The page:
TMX Learning Centre – A trading simulation/virtual environment to learn investing

TMX Learning Centre – A trading simulation/virtual environment to learn investing

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I wanted to help people interested in learning to invest. I searched online for a good trading program for people located in Canada, and came across TMX Learning Centre – . This week I am going to try out this program, and provide feedback on the blog.

This program allows you to trade equities and derivatives. I recommend starting with equities for a beginning investor since equities are easier to understand.

Step 1: Create user account by using the link below.

Step 2: The welcome page will provide the option to name your portfolio and input the amount of money you would like to trade with. Don’t worry this is not tied to any of our bank accounts. I found it is really useful when we can simulate real life like conditions. I am going to start my portfolio with $5, 000. Give your portfolio a name and input only the numbers E.g. 5000. I recommend you start with an amount you would be able to invest with in real life.

Step 3: Now that the virtual trading account is setup, let’s explore some other functionalities available to us through this setup. There is a page for getting the quotes of various stock symbols:

 I looked up two stocks that I am familiar with. BlackBerry, which has a ticker symbol BB and Royal Bank of Canada which has a ticker symbol RY. Both of these stocks trade on the Toronto Stock Exchange (TSX). Stocks trading on an exchange are represented by symbols, for example, BlackBerry’s symbol is BB.

How to use this page:

  • You type in the symbol of a company and hit the search icon, and it will return the results for that company if the company trades on TSX and the symbol is accurate. You can find a list of companies that trades on the TSX using a stock screening tool: Will write a separate post on how to best use the stock screening tool.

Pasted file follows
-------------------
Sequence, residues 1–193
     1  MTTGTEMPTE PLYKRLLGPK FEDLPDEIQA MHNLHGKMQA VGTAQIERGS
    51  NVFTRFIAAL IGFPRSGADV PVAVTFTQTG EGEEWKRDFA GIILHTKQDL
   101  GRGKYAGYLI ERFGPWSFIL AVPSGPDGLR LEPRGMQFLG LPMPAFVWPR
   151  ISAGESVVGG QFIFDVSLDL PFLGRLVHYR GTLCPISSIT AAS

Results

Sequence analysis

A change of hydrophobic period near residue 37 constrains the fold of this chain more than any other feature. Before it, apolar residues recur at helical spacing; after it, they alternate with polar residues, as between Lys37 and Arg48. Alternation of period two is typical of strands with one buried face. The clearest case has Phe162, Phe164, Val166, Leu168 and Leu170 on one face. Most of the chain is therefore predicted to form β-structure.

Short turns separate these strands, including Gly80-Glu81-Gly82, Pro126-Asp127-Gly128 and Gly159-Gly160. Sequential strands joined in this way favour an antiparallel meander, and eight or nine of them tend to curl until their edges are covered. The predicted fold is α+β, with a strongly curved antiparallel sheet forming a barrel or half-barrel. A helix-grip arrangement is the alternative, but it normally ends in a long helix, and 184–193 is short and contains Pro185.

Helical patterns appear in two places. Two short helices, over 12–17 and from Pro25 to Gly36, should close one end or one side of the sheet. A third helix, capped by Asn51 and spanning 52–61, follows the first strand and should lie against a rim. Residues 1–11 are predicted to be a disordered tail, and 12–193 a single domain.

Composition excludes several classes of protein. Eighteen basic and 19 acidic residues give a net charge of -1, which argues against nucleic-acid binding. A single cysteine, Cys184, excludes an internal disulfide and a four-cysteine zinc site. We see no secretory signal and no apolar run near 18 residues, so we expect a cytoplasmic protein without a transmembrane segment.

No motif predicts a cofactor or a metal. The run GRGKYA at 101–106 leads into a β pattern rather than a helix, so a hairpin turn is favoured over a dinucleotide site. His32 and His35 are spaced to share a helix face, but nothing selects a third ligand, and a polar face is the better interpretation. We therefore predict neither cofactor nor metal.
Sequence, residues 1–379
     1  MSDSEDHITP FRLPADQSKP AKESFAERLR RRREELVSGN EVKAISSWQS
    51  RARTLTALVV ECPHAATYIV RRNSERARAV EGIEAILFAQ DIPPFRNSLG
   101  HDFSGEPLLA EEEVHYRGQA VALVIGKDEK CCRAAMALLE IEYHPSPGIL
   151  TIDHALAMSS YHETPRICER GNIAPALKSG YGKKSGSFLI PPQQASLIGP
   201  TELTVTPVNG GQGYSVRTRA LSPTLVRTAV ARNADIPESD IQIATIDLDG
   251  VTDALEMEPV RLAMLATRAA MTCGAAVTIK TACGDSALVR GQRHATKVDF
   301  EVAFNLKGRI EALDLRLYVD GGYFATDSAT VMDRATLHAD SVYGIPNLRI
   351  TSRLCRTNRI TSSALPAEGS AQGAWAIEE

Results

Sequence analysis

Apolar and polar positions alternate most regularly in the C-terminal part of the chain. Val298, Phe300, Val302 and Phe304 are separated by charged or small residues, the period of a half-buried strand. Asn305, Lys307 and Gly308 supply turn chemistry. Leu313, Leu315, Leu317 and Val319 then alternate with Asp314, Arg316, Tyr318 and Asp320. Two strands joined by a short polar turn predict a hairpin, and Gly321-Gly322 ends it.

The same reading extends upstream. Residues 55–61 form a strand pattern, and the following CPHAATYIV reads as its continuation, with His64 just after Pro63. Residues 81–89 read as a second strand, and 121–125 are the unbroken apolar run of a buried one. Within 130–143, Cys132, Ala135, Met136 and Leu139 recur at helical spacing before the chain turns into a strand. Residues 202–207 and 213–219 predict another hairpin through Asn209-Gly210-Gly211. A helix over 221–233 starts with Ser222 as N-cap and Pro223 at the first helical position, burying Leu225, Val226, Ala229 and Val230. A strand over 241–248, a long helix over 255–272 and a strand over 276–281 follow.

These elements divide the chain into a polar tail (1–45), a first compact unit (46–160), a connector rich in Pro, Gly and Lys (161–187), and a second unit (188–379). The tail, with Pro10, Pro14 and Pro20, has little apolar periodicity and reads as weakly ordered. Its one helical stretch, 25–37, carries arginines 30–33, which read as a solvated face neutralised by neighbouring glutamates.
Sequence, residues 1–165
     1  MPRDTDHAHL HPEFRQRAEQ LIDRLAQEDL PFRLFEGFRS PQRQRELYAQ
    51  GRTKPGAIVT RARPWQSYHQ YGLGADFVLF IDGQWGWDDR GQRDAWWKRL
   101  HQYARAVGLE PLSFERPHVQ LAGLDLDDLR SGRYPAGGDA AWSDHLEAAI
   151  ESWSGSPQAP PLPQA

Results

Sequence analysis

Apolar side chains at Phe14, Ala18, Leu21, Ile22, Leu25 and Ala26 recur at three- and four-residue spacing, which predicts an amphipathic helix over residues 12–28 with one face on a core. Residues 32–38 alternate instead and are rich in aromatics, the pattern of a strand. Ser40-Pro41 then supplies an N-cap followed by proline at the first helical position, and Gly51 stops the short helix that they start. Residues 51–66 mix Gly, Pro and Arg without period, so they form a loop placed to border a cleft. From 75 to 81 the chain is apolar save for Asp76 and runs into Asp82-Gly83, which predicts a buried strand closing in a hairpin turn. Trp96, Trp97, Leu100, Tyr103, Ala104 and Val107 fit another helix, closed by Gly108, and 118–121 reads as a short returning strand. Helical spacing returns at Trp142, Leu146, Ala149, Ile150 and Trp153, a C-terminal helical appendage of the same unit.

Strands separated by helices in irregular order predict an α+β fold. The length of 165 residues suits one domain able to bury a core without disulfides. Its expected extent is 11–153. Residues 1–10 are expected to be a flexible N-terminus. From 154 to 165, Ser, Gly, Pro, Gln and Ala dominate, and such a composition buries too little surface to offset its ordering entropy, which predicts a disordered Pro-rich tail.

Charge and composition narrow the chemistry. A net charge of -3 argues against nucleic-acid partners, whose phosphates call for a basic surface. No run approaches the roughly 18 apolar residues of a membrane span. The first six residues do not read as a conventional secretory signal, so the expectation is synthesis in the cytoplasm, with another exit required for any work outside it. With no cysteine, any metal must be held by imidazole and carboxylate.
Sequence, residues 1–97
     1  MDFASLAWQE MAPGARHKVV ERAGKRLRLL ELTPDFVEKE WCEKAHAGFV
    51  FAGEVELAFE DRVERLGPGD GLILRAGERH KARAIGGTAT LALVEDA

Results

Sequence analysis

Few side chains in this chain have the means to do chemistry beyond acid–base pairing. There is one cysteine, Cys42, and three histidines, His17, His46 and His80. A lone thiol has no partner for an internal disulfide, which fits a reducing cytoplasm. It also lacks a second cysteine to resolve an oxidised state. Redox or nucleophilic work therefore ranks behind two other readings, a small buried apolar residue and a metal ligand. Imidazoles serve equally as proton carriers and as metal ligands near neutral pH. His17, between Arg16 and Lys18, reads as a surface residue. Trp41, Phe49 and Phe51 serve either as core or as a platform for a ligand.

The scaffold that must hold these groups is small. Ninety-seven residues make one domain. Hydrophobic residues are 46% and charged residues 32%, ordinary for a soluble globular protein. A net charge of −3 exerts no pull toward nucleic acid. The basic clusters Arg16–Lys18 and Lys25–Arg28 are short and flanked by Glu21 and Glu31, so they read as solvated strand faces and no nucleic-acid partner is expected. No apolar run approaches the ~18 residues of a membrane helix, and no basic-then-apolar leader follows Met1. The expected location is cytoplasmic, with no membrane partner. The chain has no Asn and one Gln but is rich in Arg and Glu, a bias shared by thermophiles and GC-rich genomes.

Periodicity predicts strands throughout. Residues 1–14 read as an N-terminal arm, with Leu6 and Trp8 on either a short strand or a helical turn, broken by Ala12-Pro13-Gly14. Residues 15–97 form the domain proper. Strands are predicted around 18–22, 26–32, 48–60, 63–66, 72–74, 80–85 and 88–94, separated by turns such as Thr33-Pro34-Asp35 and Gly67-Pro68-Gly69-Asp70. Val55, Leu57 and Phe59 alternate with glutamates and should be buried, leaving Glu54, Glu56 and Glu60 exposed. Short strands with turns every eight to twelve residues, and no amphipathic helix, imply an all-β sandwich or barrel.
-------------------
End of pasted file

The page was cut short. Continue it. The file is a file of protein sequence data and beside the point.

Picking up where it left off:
• When you click on the individual stock result returned, it provides more details about the stock. See image below.  Will write a separate post on how the different details can be used to help understand a stock further.

Step 4: Once we have determined a stock to trade, we can place an order using the trade window. For example if I have decided to buy shares of Royal Bank, I will input the ticker symbol for Royal Bank in the search box and hit return.

  • Let’s say if I had decided to invest about 30% of my portfolio ( $1532 out of $5000) into the Financial Services industry by buying Royal Bank shares. I will place an order for 20 stocks ( 1532/76.59 = 20 stocks) .  
  • Each order I place has a transaction cost. This is the amount of money you pay the bank/trading service for processing your order and the use of their systems. In this case the transaction cost is $9.95. When profit is calculated after a stock is sold, need to ensure we also take into account the transaction cost.
  • Whenever we place an order, we have the option to set the price that we want to buy the stock at which is called the limit price. What this means is that your order will only get processed when there is a seller available in the market willing to sell at that price. If you set your price at market, your order will get processed at whatever the current market price the stock is currently trading at. If you are trading in a stock that is considered fairly stable in terms of price movements and in stable economic times than it is safe to set the order at market price. I consider RBC to be a stable company and the current times to be a stable time for Financial Services industry, as such I am going to set my trade at market price.
  • A stop order is used to set a stock price point that we would like to buy once the stock has reached it or sell once the stock has reached this point. A stop limit order is combination of a stop order and a limit order. This is a specific price we would like to buy once a stock has reached a specific price point. Both are used in monitoring and controlling buy/sell orders when the investor does not have time to actively monitor and trigger trades. We will explore such order types when we look into trading strategies.
  • Once I am ready to place my order, I hit the preview button.
  • Read and continue on with any other pop up buttons that show up, now you should be able to see your trade waiting to be filled. I have placed this trade on a Sunday. The markets does not open till Monday morning, such that my trade will be in open status till the market opens and the order is filled.

Now that we have learned about how to place orders, just need to figure out the right stocks to trade in!

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